posted by jellicle at 11:25 AM on June 1, 2006

joannemerriam writes "It's not illegal to cheat on your spouse, for example, even though it's wrong;"

Many states have criminal penalties on the books for adultery. The constitutionallity of those laws after Lawrence v. Texas is in question but it's still illegal.
posted by Mitheral at 11:30 AM on June 1, 2006

I've been thinking about this question recently in light of the Jefferson case and congress's response to it, so I would point out that the hue and cry over the FBI raiding a congressional office clearly shows that our politicians don't buy the "if you've done nothing wrong you have nothing to worry about" line of reasoning.
posted by TedW at 11:40 AM on June 1, 2006

Might be a bit over the heads of those you're speaking to, but:

"Those who would give up essential Liberty, to purchase a little temporary Safety, deserve neither Liberty nor Safety."

-- Benjamin Franklin
posted by JanetLand at 11:42 AM on June 1, 2006

Ask them for the keys to their house.
posted by vraxoin at 12:19 PM on June 1, 2006 [1 favorite]

If you watch someone long enough, you'll eventually find them doing something wrong.
posted by clunkyrobot at 12:25 PM on June 1, 2006 [1 favorite]

My standard answer.
posted by kimota at 12:40 PM on June 1, 2006

The disturbing thing is that the rhetoric is too willing to conflate military ways and means with prosecutorial ways and means. I want the military and the quasi-military intelligence agencies to be free to do pretty much anything they feel is right, and am tolerant of collateral damage as the inevitable, if unfortunate, accompaninent. However, I don't think any military or quasi military means or resources ought to be applicable in "ordinary" criminal contexts, even quite abhorent crimes.

In other words, if an intelligence operations without criminal-law formalities catches you plotting to hijack a plane to fly into the White House for the glory (of insert cause here) -- I'm perfectly happy to see you carted off to a CIA offshore prison. American soldiers kill Iraqi and Afghani insurgents everyday on less or no "evidence," as they've done in all of America's wars, and no says credibly says it's illegal.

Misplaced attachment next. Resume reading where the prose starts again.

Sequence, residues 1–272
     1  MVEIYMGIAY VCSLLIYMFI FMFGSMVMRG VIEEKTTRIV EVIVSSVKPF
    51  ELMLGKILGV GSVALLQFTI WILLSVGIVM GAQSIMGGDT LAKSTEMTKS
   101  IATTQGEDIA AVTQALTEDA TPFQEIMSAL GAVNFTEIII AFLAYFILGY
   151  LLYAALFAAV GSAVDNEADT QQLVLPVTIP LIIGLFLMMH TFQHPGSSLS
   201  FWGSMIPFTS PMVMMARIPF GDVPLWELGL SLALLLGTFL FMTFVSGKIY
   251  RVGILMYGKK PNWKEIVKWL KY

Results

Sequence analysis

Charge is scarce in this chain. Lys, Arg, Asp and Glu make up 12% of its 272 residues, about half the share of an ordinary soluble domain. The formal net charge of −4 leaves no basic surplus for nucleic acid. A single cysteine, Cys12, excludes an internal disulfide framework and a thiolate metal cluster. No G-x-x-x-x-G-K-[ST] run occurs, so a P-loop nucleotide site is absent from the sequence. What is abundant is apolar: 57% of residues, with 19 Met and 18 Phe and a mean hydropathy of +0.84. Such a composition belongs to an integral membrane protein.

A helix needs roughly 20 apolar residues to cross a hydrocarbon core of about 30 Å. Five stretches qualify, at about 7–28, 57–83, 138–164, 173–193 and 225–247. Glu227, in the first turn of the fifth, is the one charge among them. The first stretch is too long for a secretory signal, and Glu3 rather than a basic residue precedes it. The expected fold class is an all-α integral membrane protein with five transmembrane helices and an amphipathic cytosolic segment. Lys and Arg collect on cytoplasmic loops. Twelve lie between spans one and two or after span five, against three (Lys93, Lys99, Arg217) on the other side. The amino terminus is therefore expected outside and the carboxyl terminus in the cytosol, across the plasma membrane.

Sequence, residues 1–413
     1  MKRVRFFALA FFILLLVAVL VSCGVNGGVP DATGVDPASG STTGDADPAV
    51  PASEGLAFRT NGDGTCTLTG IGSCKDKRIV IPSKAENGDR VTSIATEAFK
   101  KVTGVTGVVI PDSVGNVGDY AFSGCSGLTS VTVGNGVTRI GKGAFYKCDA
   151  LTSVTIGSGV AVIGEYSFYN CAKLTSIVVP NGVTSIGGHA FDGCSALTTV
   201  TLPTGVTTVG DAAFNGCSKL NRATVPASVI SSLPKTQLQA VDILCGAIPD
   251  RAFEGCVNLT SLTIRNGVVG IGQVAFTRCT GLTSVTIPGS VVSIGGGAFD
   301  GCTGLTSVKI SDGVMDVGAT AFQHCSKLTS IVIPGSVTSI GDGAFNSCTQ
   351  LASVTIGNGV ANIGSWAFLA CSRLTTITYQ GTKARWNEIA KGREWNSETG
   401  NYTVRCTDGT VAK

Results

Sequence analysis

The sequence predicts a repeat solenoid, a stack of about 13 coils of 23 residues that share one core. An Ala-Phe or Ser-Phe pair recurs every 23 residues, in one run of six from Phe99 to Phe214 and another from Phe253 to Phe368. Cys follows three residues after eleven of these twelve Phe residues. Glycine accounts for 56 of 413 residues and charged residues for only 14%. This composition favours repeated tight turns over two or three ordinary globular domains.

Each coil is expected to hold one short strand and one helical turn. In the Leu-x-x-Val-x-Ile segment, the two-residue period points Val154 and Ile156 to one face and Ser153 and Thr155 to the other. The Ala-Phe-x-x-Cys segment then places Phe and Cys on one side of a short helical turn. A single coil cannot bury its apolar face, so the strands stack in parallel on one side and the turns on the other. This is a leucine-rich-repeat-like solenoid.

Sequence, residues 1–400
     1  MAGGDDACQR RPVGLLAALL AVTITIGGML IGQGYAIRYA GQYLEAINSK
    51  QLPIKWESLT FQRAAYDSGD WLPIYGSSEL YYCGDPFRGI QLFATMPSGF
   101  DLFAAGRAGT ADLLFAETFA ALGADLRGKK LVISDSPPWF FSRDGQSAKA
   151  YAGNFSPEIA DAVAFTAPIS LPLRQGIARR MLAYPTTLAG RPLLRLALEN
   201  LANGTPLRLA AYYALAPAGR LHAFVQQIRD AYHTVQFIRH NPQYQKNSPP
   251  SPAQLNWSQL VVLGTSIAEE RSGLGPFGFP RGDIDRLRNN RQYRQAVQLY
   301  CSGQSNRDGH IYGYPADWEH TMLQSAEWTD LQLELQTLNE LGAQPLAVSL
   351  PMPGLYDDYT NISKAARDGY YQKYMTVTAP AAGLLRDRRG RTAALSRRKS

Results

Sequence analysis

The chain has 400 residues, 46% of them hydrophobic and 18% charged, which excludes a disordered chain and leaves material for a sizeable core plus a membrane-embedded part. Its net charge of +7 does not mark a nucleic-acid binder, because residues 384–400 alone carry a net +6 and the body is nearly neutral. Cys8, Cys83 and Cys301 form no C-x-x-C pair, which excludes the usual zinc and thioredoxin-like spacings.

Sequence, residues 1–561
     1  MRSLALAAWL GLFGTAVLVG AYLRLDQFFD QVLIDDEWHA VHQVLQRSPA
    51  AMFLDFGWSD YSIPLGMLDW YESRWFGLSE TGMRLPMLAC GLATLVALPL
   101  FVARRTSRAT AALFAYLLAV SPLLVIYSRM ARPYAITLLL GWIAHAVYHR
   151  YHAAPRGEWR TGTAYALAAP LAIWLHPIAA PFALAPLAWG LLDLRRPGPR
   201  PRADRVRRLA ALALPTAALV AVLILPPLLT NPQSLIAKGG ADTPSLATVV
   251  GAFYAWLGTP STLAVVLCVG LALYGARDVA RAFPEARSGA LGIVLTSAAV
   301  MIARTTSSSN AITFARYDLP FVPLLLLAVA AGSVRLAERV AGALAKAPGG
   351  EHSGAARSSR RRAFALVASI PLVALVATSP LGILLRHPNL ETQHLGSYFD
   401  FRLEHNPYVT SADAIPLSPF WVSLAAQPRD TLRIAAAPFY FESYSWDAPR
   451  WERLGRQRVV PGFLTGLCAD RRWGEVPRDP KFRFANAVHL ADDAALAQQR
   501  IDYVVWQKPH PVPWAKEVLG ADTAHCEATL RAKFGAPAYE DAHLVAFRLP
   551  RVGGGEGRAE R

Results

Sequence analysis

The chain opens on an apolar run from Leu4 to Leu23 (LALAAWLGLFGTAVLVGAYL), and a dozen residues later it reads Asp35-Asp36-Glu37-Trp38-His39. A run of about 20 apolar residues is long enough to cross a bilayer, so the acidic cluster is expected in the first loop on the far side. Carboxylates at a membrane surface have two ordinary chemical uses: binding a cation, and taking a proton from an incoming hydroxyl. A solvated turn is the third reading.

However, if a warrantless and not otherwise valid search catches you plotting to hijack a plane in order to collect $50 million in ransom for the glory of the giant mansion you plan to buy in a non-extradition treaty country -- that evidence ought to be completely inadmissable, even if it lets you roam free despite your undeniable guilt.

I would love to see someone in Washington trying to make these distinctions seriously, but I don't know of anyone who is.
posted by MattD at 2:30 PM on June 1, 2006

MattD, maybe those are the kind of distinctions that are meant to be left to a jury. You know, after the defendant has due process.

Now, it's pretty clear (to me, anyway, and maybe I'm wrong) that due process doesn't apply to what the military does outside the U.S. But I think due process should (and does) apply within the U.S., regardless of who the government official doing the enforcement is. The problem with the "if you haven't done anything wrong, you have nothing to fear" claim is that, aside from it being total BS, it ignores due process.
posted by JekPorkins at 2:50 PM on June 1, 2006

Wetherman, dios' retort doesn't quite parse, in part because I think it's missing an "is", and because the word "opposition" is ambiguous. To be charitable, I think he meant "That position isn't a valid reason to support invasions of privacy, but holding that position does reveal unpleasant things about you."
posted by Bezbozhnik at 3:21 PM on June 1, 2006

We have a Constitution in this country that guarantees every American citizen the right to face his or her accusers in a court of law. This is the law. It is not up for debate:


“A Constitution, to contain an accurate detail of all the subdivisions of which its great powers will admit, and of all the means by which they may be carried into execution, would partake of the prolixity of a legal code, and could scarcely be embraced by the human mind. It would probably never be understood by the public. Its nature, therefore, requires that only its great outlines should be marked, its important objects designated, and the minor ingredients which compose those objects be deduced from the nature of the objects themselves. That this idea was entertained by the framers of the American Constitution is not only to be inferred from the nature of the instrument, but from the language. Why else were some of the limitations found in the 9th section of the 1st article introduced? It is also in some degree warranted by their having omitted to use any restrictive term which might prevent its receiving a fair and just interpretation. In considering this question, then, we must never forget that it is a Constitution we are expounding.”

--Marshall, CJ, in McCulloch v. Maryland, 17 U.S. 316, 407 (1819).
posted by JekPorkins at 4:21 PM on June 1, 2006

If you've done nothing wrong, you have nothing to worry about.

Because we all know no one in government with access to information about us could ever possibly make a mistake or do anything wrong themselves.
posted by juv3nal at 4:46 PM on June 1, 2006

Response by poster: Thanks everyone, this was my first post to the blue/green/teal and I appreciate all the responses. Maybe it'll encourage me to make my own post on the blue one day...